How do you make decisions as to whether something is right or wrong? Knowing your "moral judgment" decision-making style, as well as that of your clients, can help you avoid serious problems.
If you would like to know more about your personal decision-making style, the classic "moral judgment" problem posed by Lawrence Kohlberg in his research provides some surprising answers. Here’s the dilemma Kohlberg posed to his research subjects:
A man’s wife is dying from cancer. The drugstore has a new treatment that will save her life, but it is extremely expensive. The man raised as much money as possible to buy the drug, but it still wasn’t enough.
He went to the druggist and explained, but the druggist refused to sell him the drug even though the man offered to make payments for it. So that night, the man breaks into the drugstore, steals the drug and gives it to his wife. Was he right or wrong to do so? And what was your reasoning for your decision?
There is no right or wrong answer to the problem. Instead, what matters is how you arrive at the decision. Kohlberg’s model identifies six primary levels of thought. Being able to recognize at which level a given client is functioning can help you avoid the clients who can put you and your business at risk.
1. Obedience and punishment orientation
Small children and many criminals function at this level. Their decision to do what is right or wrong is based almost exclusively on the probability of being caught. If this person does cause an issue, they look at how much damage it actually caused. Their motto: "No harm, no foul."
Example: Sellers who tell you not to disclose a defect in the property or buyers who want to misrepresent their income to the lender are usually using this approach. In each case, if you encounter someone who has little regard for the rules or says, "Don’t worry, no one will know," terminate your relationship immediately. It’s not worth putting your license and/or livelihood at risk.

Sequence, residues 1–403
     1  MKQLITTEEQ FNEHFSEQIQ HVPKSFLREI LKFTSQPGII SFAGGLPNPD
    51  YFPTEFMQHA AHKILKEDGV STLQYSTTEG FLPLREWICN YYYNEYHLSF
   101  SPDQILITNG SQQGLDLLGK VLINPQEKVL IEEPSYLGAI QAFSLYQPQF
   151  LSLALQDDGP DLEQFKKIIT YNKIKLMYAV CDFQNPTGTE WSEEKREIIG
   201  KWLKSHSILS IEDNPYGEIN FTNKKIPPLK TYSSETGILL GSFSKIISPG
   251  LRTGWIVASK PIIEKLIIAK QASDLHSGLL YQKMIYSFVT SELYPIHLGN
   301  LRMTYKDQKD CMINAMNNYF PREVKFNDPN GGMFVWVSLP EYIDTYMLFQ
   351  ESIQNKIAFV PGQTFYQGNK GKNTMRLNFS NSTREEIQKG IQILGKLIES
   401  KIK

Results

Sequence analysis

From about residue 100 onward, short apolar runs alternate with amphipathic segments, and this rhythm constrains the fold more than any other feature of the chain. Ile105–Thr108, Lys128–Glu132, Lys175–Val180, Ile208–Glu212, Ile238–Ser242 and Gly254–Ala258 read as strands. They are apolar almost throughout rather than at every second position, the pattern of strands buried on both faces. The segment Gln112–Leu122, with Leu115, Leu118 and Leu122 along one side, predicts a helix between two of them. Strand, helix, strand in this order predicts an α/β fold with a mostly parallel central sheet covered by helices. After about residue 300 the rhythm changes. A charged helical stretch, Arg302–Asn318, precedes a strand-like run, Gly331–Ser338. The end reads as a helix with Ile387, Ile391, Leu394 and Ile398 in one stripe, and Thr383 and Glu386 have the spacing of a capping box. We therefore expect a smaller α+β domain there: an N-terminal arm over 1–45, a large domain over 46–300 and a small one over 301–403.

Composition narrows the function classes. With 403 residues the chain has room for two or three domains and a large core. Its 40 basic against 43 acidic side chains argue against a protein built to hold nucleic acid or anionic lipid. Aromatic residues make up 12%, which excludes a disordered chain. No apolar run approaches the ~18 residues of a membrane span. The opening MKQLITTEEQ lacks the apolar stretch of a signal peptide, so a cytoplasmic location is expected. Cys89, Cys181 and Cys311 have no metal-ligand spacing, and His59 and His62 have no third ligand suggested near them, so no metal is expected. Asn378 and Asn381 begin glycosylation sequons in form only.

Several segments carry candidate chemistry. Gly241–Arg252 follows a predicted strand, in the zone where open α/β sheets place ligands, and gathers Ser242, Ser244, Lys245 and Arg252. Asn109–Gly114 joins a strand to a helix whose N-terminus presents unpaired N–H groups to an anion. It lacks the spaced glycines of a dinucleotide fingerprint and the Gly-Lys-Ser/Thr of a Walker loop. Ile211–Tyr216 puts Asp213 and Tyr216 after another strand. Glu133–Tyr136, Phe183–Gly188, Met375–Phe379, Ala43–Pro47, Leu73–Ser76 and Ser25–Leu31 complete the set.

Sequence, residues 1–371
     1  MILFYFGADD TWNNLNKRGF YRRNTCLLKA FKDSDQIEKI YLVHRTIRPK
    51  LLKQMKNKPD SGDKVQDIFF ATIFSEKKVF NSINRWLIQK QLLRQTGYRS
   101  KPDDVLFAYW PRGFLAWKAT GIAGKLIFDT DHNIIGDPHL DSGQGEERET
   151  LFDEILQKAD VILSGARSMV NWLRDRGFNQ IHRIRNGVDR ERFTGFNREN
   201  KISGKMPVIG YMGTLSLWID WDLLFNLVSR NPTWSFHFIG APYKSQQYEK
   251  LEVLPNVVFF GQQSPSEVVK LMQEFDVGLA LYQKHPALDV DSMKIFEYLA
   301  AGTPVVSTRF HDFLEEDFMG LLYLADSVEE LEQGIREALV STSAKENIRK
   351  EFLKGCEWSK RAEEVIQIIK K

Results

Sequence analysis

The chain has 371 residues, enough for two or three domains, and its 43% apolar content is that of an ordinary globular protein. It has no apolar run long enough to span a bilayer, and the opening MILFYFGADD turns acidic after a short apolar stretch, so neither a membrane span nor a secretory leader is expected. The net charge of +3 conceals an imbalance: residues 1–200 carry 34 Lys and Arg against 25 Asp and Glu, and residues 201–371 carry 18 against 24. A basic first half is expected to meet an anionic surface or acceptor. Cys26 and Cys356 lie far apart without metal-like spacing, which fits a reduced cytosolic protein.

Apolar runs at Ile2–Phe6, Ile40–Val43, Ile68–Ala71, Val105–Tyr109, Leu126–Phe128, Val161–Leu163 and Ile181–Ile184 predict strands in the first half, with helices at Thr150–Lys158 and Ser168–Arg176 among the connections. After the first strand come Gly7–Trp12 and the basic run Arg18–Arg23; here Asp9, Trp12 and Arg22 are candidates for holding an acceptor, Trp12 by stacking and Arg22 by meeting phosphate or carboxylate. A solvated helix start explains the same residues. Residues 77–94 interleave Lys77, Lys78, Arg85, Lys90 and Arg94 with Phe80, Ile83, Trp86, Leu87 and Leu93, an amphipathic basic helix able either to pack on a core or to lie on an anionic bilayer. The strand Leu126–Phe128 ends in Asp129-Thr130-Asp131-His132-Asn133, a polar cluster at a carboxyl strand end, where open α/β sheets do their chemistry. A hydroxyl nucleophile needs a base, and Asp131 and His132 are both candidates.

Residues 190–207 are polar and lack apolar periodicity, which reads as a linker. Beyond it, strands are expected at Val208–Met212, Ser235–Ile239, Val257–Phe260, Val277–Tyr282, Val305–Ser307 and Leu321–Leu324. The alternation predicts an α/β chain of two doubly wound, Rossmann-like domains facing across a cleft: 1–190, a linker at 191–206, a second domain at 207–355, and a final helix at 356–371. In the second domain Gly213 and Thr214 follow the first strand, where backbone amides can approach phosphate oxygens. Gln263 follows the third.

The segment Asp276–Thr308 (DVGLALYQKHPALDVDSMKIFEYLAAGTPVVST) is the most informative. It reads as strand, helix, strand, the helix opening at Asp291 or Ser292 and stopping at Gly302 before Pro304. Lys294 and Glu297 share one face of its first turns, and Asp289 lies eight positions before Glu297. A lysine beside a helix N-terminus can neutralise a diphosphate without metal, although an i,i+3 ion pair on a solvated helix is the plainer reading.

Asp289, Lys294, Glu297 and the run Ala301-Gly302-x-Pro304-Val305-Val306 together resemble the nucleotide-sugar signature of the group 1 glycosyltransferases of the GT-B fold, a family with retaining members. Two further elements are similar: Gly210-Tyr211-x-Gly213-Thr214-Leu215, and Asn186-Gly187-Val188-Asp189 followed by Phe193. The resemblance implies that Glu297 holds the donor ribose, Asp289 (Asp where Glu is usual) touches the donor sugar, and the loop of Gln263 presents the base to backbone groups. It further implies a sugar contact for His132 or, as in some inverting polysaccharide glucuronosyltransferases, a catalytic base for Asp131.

2. Self-interest orientation
People who function at this level generally are focused on "What’s in it for me?" Another way of looking at this approach is, "I’ll scratch your back if you’ll scratch my back." This person cooperates with others only to the extent that it furthers his or her own goals. This is the level where most politicians operate.
Example: This is the person who says he will send you a referral provided you kick back part of your commission to him. "By the way, don’t let anyone else know about our under-the-table commission agreement." This person looks out for No. 1 and uses manipulation to get his way.
3. Interpersonal accord and conformity
This person focuses on creating harmony and avoiding confrontation. Being perceived as being "good" and getting along is what matters.
Example: "Good boy/good girl" agents will go out of their way to avoid confrontation. This can be an issue when they choose not to confront a client who they know is lying. They will attempt to persuade the client to do what is right (i.e., be good), but they’re generally not strong enough to walk away from the situation.
4. Authority and social order-maintaining orientation
This is the level that the military, our justice system, as well as your multiple listing service and board of Realtors, function. Law, order and morality are what matters. Our civilization requires rules to function. Following those rules is necessary to keep society and business functioning.
Example: This is the level at which most Americans function as well. Level 4 clients are the least likely to get you into trouble because obeying the law is paramount. They will do their best to be honest about disclosures and strive to do the right thing. You can usually count on this type of client to play by the rules. Be forewarned, however, that if you violate their sense of fair play, they may sue you.
5. Stages 5 and 6: social contract-driven and universal ethical principles-driven
People who function at these two levels believe that laws are social agreements that can and should be challenged when they fail to promote the general good of the greatest number of people. In the case of the druggist, this is how they would answer that dilemma:
"Yes, he should steal the drug and give it to his wife to save her life. The value of a human life is greater than that of money, but because he broke the law, he must turn himself in for committing the theft."
Example: People who function at this level can sometimes get you into trouble. If they feel a lender guideline is unjust or that the seller is being unreasonable, they may choose to walk away from the transaction "on principle." Underlying their principles, however, is their goal to "always do the right thing" as well as an understanding that breaking the law should have consequences.
If you look at these various ways to make decisions about what is right and wrong, it’s important to understand that some people become stuck in a certain way of doing things and are highly unlikely to shift out of that mode. On the other hand, each person can also have moments where he shifts gears and leaves behind his preferred style of decision-making.
The law of attraction says we attract who we are. If you say "yes" to bending the rules "because I’ll never get caught" or you tolerate people who treat you and others poorly because their approach is "no harm, no foul," you’re heading down a slippery slope that can take you and your business down with it as well.